How SAD Happens: The Development of Social Anxiety Disorder

Social anxiety disorder may be an extreme form of "trait social anxiety."

Posted Feb 23, 2020

You often hear people proclaim that they "do their own thing" and "don’t care what other people think or say." This, of course, is silliness. For one, the things we do are never wholly our own; the brain itself is a social organ, shaped by social interaction. Your internal experience, your thought and feeling processes, are cast in a social mold. I may write my own story, but society gave me language, writing, and the concept of "story."

Society even gave me the very concept of "me." Our sense of self—the “I” in “I do my own thing”—is largely constructed socially, in the process of comparing ourselves to others and gauging others’ responses to us. To wit: Are you a kind person? If yes, how do you know that? Most likely, you know you’re kind because 1. You figured out what behaviors are defined as kind in society and engaged regularly in those behaviors, and 2. People have commented on your kindness and referred to you as a kind person.

The truth is we all care about what others say and think. Humans are social creatures. We survive and thrive only in well-coordinated groups. We need to belong, and so we have to care about what others say and think about us, how they perceive us, and how they treat us. Our lives, quite literally, depend on it.

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Given this, it is clear why our antennas are well-tuned to pick up and react strongly to others’ criticism or negativity. From an evolutionary perspective, such concern is adaptive, because it helps us maintain our standing within the group, thus enhancing our chances for successful survival and reproduction.

However, every adaptation comes at a cost and every strength creates its own vulnerabilities. When our (adaptive) concern with negative social judgment becomes pervasive, extreme and all-consuming to the point of hindering our ability to function, the psychological adaptation becomes a psychopathology known as Social Anxiety Disorder (SAD). SAD manifests differently in different people, but it has certain commonly seen characteristics:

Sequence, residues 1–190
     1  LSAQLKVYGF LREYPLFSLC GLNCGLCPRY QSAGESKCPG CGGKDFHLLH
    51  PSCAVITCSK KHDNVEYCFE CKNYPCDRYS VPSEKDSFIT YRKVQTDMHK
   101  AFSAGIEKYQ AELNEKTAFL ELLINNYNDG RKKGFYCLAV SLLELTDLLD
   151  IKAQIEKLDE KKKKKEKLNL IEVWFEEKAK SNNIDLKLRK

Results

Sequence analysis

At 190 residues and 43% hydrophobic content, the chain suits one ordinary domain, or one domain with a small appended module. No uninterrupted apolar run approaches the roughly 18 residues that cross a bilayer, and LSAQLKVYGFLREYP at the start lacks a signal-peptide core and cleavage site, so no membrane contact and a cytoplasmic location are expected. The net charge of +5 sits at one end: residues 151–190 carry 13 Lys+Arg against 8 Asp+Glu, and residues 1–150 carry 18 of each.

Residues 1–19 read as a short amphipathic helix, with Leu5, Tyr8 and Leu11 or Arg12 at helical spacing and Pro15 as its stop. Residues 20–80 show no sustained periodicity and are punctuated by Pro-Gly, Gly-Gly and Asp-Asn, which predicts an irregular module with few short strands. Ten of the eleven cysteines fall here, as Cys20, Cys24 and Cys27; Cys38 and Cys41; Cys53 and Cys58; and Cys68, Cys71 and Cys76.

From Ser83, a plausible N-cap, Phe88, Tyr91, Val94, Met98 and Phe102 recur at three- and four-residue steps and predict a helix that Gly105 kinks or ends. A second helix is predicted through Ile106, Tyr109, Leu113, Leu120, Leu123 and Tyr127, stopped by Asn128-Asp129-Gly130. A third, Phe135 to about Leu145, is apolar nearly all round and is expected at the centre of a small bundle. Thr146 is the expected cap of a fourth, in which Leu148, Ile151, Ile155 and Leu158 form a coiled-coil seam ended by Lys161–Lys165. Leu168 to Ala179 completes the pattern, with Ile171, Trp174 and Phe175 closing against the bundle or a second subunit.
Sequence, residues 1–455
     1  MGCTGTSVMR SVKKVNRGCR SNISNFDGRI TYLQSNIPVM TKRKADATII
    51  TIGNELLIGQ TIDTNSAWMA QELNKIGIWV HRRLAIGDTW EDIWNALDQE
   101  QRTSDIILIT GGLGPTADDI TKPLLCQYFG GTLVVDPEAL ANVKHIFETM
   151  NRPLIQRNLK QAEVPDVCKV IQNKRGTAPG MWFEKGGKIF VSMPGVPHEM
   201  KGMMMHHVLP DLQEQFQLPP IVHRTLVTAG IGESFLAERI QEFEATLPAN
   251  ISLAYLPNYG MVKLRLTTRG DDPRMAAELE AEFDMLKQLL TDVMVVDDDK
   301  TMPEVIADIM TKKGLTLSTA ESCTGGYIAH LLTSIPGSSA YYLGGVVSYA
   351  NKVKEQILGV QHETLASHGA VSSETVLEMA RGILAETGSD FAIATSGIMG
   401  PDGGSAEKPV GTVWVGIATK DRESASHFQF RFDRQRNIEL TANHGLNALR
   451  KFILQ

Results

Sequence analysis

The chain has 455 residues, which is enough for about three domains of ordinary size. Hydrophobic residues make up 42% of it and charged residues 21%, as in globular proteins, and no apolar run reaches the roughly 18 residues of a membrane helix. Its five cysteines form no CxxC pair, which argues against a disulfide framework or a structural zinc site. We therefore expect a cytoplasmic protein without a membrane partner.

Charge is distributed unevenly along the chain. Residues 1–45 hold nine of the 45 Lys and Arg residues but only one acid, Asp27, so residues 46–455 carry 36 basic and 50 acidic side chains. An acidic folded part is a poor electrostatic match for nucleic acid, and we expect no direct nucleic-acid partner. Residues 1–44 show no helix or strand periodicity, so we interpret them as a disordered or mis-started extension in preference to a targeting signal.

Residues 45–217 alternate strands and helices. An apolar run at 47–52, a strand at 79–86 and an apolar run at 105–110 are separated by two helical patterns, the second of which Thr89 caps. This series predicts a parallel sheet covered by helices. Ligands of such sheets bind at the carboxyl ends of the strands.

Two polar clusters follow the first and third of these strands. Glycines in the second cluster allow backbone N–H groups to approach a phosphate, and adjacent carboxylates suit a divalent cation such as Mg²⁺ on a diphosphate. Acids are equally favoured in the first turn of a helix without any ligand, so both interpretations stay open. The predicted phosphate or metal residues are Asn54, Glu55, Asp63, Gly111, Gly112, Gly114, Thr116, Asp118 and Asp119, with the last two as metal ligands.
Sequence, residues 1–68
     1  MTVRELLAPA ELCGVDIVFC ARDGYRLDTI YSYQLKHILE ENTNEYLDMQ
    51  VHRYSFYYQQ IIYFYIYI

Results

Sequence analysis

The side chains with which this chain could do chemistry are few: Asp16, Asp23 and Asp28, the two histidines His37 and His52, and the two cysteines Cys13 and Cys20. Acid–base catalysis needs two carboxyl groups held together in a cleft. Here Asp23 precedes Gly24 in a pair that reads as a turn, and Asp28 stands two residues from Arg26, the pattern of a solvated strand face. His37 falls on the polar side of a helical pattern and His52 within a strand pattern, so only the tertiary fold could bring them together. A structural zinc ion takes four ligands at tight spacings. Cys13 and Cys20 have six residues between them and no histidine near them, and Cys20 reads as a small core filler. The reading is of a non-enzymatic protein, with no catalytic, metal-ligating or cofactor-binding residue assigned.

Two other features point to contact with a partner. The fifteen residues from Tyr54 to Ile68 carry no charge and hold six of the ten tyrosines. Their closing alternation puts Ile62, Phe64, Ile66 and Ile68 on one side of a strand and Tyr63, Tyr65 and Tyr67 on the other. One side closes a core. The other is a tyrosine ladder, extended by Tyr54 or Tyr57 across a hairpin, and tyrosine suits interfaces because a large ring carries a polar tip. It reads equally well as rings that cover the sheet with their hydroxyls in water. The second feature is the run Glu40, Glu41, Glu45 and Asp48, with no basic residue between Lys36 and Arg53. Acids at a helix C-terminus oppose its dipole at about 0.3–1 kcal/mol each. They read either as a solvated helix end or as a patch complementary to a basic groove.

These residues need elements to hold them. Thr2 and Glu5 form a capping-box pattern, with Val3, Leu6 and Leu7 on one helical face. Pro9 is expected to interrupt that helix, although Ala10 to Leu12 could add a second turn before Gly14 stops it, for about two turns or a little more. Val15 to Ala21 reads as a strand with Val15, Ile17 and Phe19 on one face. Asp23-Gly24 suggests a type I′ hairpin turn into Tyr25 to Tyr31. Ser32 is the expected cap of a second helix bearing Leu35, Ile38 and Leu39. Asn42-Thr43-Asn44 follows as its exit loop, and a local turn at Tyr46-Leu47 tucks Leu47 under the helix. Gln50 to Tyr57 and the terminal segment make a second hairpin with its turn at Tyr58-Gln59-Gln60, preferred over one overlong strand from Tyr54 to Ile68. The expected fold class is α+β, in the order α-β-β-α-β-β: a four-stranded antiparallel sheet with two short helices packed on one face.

“Individuals with social anxiety disorder are typically shy when meeting new people, quiet in groups, and withdrawn in unfamiliar social settings. When they interact with others, they might or might not show overt evidence of discomfort (e.g., blushing, not making eye contact), but invariably experience intense emotional or physical symptoms, or both (e.g., fear, heart racing, sweating, trembling, trouble concentrating). They crave the company of others, but shun social situations for fear of being found out as unlikable, stupid, or boring. Accordingly, they avoid speaking in public, expressing opinions, or even fraternizing with peers; in some situations, this can lead to such individuals being mistakenly labeled as snobs. People with social anxiety disorder are typified by low self-esteem and high self-criticism.”

Anxiety disorders are the most prevalent disorders, and SAD is one of the most prevalent anxiety disorders. NIH data suggest that the past year prevalence of SAD among U.S. adults aged 18 or older is 7.1 percent (it is more common in females). An estimated 12.1 percent of U.S. adults experience SAD at some time in the course of their lives. SAD does not usually appear alone. In fact, it is highly co-morbid with other anxiety disorders, depression, and substance use disorders. Up to 90 percent of people who are diagnosed with SAD in their lifetimes will be diagnosed with another mental health disorder. SAD has an early age of onset: by age 11 in about 50 percent and by age 20 in approximately 80 percent of individuals.